Matera is like no other city you will ever see.  The center of the city is a giant bowl surrounded by a newer city.  This 'bowl' is made of soft rock in which caves (called sassi)* were hollowed out centuries ago and used for habitation...connected by narrow paths [to] form a labyrinth not unlike a Moroccan souk.  There are young boys whom you can (perhaps should) hire to lead you around, because it is very easy to get lost....You should not walk around the sassi at night, because you will never find your way out, and it can be rather frightening.

The author describes the pleasure of dining on a terrace overlooking the caves which include frescoed cells or churches as well as dwellings, occupied or not. However, he also maintains that the passeggiata--evening stroll or form of civic ritual--is the most magical in all of Italy, lasting for hours. Great way to prolong a meal, moving from bar to table and on to gelato.

*the word is also used for stones (pl.).

* * *

Italianmade has a good short list of 15 dishes, succinctly described with links to detailed information on DOP products, all in English. Most of these are stews or braises, though there are also calzones stuffed with greens, focaccia and a cheesecake made w prosciutto. (Use the link for Calabria and note on the the bottom, to the left a link to quizzes that test just how much you've learned by participating in these regional threads.)

Cucina Italiana has perhaps the best in-depth English survey on Basilicata, though if you scroll all the way down to the bottom, you'll find the sections devoted to two geographical areas somewhat repetitive. The long, unbroken paragraph does not inspire reading, and if it proves of interest to either you or me, I may post a synopsis later. My original post in this thread concerning baked eggplant drew primarily from the linked text. The site offers further recipes, but only in Italian.


Edited by Pontormo (log)

"Viciousness in the kitchen.

The potatoes hiss." --Sylvia Plath

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Basilicata, continued:

Mangierebene offers a few recipes in English.

Here's Kyle Phillips of about.com (not his best section; the link provides richer material for Calabria).

Cavatelli are pictured here at The Italian taste as softened triangles more than cylinders. This recipe for the pasta is followed by one for cavatelli w turnip greens, a dish you'll find on many Web sites. Anyone know what is done with the turnip bulbs? The farmers markets around here have wonderful small, white turnips at this time of year.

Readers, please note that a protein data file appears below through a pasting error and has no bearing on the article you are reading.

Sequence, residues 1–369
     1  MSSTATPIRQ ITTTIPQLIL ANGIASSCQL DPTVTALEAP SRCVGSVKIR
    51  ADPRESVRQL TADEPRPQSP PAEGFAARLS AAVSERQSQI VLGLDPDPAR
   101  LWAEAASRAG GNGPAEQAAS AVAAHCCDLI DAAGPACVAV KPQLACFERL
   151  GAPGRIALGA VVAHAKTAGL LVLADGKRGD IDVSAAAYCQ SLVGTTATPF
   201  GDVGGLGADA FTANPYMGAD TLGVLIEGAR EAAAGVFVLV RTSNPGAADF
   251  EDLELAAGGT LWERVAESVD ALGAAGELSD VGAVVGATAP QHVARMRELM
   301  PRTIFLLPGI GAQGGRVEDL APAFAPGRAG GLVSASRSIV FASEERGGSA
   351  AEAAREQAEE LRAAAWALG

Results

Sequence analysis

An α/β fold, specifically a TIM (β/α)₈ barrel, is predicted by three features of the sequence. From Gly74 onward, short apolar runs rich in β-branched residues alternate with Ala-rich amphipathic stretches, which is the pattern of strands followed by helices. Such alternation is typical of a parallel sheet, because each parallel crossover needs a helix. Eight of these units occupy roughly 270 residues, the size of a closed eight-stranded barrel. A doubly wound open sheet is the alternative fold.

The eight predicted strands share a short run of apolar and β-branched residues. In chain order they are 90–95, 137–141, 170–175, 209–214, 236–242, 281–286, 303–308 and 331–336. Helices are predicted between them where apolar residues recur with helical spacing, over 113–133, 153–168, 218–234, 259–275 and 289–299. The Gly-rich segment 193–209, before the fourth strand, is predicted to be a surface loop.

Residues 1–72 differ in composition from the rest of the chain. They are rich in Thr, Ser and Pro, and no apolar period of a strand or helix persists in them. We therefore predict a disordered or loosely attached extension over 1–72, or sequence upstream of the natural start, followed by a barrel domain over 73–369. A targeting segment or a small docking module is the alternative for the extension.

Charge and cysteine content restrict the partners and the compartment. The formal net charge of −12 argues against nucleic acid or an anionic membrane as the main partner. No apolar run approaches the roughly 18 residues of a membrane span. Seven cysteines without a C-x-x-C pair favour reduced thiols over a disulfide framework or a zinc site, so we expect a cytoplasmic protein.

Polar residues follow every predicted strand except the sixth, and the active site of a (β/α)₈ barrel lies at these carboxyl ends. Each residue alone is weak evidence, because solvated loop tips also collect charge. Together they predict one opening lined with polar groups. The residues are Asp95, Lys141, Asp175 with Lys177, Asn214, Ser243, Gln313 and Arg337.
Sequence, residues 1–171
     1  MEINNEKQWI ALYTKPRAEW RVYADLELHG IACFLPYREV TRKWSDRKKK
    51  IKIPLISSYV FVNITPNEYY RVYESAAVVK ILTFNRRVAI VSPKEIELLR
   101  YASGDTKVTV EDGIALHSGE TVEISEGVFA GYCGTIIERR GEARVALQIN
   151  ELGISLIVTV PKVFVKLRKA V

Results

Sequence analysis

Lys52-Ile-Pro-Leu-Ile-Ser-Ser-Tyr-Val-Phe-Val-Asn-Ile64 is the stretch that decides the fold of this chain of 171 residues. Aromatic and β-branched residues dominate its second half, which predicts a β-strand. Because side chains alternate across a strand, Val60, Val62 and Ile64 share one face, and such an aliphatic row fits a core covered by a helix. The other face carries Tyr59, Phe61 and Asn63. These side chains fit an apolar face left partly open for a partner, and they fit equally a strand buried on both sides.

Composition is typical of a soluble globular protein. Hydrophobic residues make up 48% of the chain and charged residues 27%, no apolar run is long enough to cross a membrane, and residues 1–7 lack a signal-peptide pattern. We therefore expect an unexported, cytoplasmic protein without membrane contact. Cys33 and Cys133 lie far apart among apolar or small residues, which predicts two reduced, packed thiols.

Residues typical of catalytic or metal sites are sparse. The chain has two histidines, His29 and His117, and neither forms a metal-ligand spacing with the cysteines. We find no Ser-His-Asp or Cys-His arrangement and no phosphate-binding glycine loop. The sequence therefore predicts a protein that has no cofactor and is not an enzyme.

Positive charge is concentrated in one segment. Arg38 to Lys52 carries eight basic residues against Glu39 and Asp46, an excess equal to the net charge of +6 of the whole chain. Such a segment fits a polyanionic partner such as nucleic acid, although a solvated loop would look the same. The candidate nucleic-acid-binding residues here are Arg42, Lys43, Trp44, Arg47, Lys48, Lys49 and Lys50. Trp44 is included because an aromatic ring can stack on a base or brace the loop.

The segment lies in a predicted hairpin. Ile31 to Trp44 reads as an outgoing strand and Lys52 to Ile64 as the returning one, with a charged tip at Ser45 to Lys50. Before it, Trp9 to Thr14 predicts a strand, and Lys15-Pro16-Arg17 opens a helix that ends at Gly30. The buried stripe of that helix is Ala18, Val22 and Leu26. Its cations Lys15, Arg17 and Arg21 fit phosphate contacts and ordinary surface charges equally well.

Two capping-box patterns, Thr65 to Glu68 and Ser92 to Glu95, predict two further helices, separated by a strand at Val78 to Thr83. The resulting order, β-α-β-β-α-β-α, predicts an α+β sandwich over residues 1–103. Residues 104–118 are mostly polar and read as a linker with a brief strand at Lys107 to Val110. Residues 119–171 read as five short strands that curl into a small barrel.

I believe I've linked this genealogical site before: My Italian Family; there are four recipes.

Tangoitalia refers to the controversy over the regional origins of sausage that Hathor addresses. You can also find a recipe for preparing a baby goat's head.*

Here's Micol Negrin's Rustico with recipes and announcement of a cooking tour to Potenza and Matera in September.

Cookaround's recipes in Italian only. not so with Cibochepassione which includes pictures for the recipes in Italian, linked here. Translated into English, sans photos: here. N.B. The English text describing regions for these two sites is identical, I seem to recall.

Barilla lists local food festivals.

I noticed many recipes that called for these particular small, bitter onion found throughout Southern Italy: lampascioni.

Finally, the most interesting--or unexpected link I came across is a scientific paper on foraged greens in Basilicata. Here's the Journal of Ethnobiology & Ethnomedicine.

*I don't know about US regulations governing the slaughter of goats. However, sheep are vulnerable to a disease that is related to "Mad Cow" if something else entirely, according to the lamb specialists who sell at my farmers market. Thus, prohibitions at licensed facilities where saleable body parts are limited.


Edited by Pontormo (log)

"Viciousness in the kitchen.

The potatoes hiss." --Sylvia Plath

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As Franci knows from direct experience, Puglia and Basilicata share many culinary traditions, so the broccoli rabe makes sense.  However, I have seen lots of recipes that call for grana (translated as "wheat berries" sometimes, though one site refers to farro.  I dimly recall someone once saying "grana" is "grana" and not quite the wheat berries found in the States...) to be served with a ragu or lamb or sausage...

Grano is wheat berries. Yes, a ragu' with grano is cooked in the same way in Puglia too.

Grana means something different.

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Basilicata, continued:

Tangoitalia refers to the controversy over the regional origins of sausage that Hathor addresses.  You can also find a recipe for preparing a baby goat's head.*

This is another dish in common, here is how it is done

capuzzelle


Edited by Franci (log)

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My only defense, Franci, is solidarity:

I made some Ragu with pene

:blink::shock: ....Ah! Penne. And there I was thinking about Lorena Bobbit :biggrin: .

* * *

Tonight I prepared a Calabrese dinner, if in Italian-American fashion, i.e. without multiple courses. The following recipe was something I recalled while grocery shopping, so the main course was Costolette alla Calabrese with a few modifications. For example, chops browned first, two small bulbs of green garlic from the farmers market with scallion greens... I very much liked the green olives and the sauce in general as an accompaniment to the lamb, however, I think a few more adjustments might be made to the recipe to avoid cooking even thick lamb chops all the way through which is not my preference. Not dry, but.